In general American women are more independent and career oriented than Yoruba women. This is not to say Yoruba women don’t like independence, they just are more family oriented. Yoruba culture revolves around the family unit. American society has somewhat lost that family stability. Family stability is also reflected in the divorce rates of these two cultures. America has 50% divorce rate. Nigeria, where Yoruba people are found, has a 5% divorce rate. Nigerians place a greater deal of emphasis on keeping the family together. Yoruba women often sacrifice for family harmony.

    Finally, Yoruba women and American women are both direct results of their socialization and culture. Their attitudes and general actions reflect those which are considered the norm in their different societies.

  26. Yeye Akilimali Funua Olade Says:

    Cathy,Sister more on Yoruba family and women’s role from this Univ. of Georgia Yoruba Studies programme:

    Nigerian (Yoruba) Traditional Family Structure Kolade

    Purpose of the Paper

    This paper provides an account of sex role differences in the Nigerian household (focusing primarily on farming). The paper focuses on the division of labor, income, and financial obligations.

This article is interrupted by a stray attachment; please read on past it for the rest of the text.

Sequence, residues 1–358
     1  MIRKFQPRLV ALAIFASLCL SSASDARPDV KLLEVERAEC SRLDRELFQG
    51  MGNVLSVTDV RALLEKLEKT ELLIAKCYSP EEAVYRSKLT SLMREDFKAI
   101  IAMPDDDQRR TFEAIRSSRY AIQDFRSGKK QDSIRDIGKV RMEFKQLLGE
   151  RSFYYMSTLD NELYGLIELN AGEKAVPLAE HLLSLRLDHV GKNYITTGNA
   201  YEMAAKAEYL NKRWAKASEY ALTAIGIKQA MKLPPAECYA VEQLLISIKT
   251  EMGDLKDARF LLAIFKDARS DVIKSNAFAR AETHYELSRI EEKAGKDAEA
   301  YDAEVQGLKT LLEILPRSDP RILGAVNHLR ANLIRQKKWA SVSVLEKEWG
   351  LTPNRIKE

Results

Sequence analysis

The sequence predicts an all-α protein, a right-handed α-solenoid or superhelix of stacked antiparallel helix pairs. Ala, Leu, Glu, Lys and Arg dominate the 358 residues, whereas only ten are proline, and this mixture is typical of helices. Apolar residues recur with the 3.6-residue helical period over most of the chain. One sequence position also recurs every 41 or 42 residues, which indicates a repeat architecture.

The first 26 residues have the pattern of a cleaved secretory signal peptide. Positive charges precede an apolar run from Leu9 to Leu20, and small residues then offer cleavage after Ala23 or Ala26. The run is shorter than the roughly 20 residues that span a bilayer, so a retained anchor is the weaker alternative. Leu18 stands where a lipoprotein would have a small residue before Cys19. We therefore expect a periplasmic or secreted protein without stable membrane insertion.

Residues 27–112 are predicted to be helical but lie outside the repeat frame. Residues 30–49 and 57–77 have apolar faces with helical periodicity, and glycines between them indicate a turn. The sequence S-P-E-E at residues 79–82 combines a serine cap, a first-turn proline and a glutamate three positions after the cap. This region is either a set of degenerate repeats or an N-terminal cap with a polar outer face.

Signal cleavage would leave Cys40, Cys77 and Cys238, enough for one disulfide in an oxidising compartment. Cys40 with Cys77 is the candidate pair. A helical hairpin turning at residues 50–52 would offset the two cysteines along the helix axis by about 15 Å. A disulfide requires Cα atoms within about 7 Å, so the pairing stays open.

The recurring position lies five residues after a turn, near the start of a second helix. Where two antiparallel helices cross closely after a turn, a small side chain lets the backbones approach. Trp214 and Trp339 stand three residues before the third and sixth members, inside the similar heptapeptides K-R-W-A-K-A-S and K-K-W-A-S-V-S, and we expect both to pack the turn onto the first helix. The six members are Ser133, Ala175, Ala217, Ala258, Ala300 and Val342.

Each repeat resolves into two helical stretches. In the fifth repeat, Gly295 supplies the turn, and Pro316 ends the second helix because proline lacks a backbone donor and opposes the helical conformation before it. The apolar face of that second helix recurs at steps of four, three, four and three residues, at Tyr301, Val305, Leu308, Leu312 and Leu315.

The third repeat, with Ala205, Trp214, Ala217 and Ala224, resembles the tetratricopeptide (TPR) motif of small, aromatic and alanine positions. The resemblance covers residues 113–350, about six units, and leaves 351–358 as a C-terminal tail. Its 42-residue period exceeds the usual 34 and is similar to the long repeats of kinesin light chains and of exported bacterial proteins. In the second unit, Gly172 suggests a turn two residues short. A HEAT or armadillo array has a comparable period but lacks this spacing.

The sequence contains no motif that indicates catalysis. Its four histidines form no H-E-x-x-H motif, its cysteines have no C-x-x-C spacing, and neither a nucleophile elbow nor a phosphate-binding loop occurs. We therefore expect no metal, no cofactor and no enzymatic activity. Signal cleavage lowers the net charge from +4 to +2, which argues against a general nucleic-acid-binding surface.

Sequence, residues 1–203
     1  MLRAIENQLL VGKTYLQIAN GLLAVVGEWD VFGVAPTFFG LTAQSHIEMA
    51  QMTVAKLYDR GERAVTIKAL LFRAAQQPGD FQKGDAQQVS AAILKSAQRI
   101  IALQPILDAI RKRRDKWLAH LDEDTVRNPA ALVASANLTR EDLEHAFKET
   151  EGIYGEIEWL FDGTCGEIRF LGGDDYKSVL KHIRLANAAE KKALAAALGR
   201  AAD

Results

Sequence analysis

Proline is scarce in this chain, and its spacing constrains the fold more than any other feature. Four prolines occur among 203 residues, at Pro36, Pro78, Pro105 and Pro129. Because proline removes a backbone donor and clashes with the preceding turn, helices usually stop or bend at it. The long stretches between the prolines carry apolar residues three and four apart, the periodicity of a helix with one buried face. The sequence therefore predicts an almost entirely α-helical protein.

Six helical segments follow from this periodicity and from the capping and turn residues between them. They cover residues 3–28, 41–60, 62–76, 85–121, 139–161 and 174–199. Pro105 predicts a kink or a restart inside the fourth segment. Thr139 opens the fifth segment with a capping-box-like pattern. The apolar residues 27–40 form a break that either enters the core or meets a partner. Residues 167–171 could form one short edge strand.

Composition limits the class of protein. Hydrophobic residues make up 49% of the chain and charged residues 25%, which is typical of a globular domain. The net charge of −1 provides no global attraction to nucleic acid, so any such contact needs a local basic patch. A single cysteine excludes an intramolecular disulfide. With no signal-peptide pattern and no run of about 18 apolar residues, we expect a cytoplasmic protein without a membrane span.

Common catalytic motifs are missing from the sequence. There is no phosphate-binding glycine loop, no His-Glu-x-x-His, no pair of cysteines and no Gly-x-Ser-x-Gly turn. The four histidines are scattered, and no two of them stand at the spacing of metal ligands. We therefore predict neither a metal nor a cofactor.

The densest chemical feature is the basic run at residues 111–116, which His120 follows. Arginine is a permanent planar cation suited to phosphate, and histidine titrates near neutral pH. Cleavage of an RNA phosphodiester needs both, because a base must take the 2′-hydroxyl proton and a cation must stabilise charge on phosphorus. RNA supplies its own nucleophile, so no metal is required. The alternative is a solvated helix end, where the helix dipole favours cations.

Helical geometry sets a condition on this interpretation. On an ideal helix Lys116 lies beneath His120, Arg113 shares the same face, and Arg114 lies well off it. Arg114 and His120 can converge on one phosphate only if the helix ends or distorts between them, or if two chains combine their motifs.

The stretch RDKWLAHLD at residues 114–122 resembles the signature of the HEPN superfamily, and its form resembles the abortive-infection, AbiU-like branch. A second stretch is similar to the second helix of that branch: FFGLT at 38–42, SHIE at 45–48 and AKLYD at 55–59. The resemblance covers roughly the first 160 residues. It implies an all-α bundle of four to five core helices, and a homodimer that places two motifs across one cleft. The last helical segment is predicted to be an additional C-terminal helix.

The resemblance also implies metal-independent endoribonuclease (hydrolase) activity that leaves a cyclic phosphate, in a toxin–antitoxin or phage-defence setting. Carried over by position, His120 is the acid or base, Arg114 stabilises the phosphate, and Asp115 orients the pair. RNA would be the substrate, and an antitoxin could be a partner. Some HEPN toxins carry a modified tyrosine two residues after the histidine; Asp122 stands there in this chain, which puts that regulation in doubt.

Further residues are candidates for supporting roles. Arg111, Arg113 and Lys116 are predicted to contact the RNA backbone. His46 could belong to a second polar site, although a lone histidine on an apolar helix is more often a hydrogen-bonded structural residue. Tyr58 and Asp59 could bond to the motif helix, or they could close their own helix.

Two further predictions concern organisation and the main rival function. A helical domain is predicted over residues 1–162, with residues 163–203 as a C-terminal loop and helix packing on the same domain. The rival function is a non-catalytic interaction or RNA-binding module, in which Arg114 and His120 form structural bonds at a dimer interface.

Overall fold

Introduction

    There are several reasons why sex role differences are particularly relevant within the context of the Sub-Saharan. First , a variety of studies indicate that the chief constraint on agricultural production in this region is labor availability at critical times of the year. Labor bottlenecks manifest themselves during peak farming periods when several operations such as planting, ridging, thinning, and weeding must be performed simultaneously. Labor availability to meet these peak requirements places a limit on the amount of land that a family can farm and on the ability of a farming household to adopt labor-increasing technologies.

    These problems relating to the availability and seasonality of farm labor can be illustrated by sex role differences. In most areas of Sub-Saharan Africa, cultural traditions have created a sharp sexual division of labor in the household. Men and women typically control different crops and carry out different tasks. For example, women might do all the weeding and men might do all the planting or harvesting. These difference in task account for the substantial differences in the amount of time spent by each sex on farm and household labor.

    Second, in addition to their different labor roles, women and men in the African farming household typically have different sources of income and different financial responsibilities. Each gender’s sources of assets and income are generally linked to their different obligations and labor roles. Women are frequently responsible for their own and their children’s food and clothing, and women’s contribution to their family’s nutrition may be crucial at certain times of the year. Men’s earnings frequently go toward large farming and family expenses and toward their own personal expenses.